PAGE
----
Scientists are peeking inside living brains to watch for the first time as a toxic duo of plaques and tangles interact to drive Alzheimer's disease — and those tangles may predict early symptoms, a finding with implications for better treatments.
It's not clear exactly what causes Alzheimer's. Its best-known hallmark is the sticky amyloid that builds into plaques coating patients' brains, but people can harbor a lot of that gunk before losing memories.
Now new PET scans show those plaques' co-conspirator — the tangle-causing protein tau — is a better marker of patients' cognitive decline and the beginning of symptoms than amyloid alone. That's especially true when tau spreads to a particular brain region important for memory, researchers reported Wednesday in the journal Science Translational Medicine.
"It's a location, location, location kind of business," said Dr. Beau Ances of Washington University in St. Louis, who led the work. The plaque "starts setting up the situation, and tau is almost the executioner."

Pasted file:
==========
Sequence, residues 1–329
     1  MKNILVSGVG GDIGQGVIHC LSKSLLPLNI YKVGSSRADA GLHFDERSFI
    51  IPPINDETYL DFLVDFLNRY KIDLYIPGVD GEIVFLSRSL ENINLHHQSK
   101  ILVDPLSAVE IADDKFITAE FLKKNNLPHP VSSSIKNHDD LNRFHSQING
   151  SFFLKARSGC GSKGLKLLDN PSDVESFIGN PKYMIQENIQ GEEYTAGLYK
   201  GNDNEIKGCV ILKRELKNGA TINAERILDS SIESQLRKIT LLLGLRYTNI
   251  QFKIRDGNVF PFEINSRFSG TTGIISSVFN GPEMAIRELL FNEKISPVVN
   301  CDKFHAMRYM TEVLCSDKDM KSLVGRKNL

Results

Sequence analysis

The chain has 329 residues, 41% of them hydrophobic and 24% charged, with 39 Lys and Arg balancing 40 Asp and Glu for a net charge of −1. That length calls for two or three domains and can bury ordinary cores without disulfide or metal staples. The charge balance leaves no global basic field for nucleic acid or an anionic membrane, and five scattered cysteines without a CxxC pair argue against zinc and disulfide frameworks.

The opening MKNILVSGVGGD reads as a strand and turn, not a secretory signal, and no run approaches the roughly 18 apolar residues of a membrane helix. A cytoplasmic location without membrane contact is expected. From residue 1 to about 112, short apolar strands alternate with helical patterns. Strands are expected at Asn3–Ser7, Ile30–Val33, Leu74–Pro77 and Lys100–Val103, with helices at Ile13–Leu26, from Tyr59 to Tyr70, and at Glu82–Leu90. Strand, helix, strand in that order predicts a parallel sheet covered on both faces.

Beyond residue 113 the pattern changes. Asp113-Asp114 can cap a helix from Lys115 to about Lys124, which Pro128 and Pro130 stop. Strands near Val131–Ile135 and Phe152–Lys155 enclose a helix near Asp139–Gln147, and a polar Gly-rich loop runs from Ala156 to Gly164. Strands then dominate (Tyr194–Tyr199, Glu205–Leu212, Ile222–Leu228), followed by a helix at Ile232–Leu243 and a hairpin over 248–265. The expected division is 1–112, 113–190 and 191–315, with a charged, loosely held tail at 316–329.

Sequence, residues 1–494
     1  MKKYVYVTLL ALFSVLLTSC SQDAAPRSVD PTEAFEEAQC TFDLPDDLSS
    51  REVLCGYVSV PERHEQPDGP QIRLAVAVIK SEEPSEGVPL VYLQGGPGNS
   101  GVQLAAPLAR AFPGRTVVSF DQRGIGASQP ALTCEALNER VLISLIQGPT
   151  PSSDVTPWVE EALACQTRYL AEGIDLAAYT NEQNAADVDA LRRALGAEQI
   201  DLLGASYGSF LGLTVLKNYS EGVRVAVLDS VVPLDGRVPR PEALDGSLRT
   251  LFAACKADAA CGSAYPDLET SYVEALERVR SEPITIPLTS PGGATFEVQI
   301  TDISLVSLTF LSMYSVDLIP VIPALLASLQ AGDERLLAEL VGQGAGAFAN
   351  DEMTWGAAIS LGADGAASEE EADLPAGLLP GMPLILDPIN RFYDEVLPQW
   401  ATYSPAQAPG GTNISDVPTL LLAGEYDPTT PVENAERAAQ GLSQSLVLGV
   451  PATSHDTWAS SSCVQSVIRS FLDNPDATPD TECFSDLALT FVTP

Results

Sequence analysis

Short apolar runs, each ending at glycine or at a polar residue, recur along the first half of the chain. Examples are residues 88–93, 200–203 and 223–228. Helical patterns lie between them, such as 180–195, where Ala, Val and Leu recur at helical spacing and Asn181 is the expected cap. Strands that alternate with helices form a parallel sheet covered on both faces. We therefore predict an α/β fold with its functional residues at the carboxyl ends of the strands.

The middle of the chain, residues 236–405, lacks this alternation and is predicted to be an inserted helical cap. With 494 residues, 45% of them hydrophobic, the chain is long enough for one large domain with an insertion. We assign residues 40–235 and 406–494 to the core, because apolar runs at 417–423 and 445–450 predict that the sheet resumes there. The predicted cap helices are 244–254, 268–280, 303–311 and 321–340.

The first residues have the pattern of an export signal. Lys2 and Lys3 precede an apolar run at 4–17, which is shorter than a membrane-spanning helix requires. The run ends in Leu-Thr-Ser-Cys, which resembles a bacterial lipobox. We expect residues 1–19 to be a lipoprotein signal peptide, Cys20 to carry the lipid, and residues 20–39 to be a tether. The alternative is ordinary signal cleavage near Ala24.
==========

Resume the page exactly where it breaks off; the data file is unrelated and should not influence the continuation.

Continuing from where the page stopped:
The new study is very small and more research is required to confirm the findings. But it highlights the importance of developing drugs that could target both amyloid and tau buildup, something researchers hope one day could help healthy but at-risk people stave off the earliest symptoms of Alzheimer's.
This is exactly the type of information we're going to need" for better treatments, said Alzheimer's Association chief science officer Maria Carrillo, who wasn't involved in the new study. "It's cool to see the utility of this new imaging technology actually being deployed and used."About 5 million people in the U.S. are living with Alzheimer's, a number expected to more than double by 2050 as the population ages. Today's medications only temporarily ease symptoms, and finding new ones is complicated by the fact that Alzheimer's quietly ravages the brain a decade or two before symptoms appear.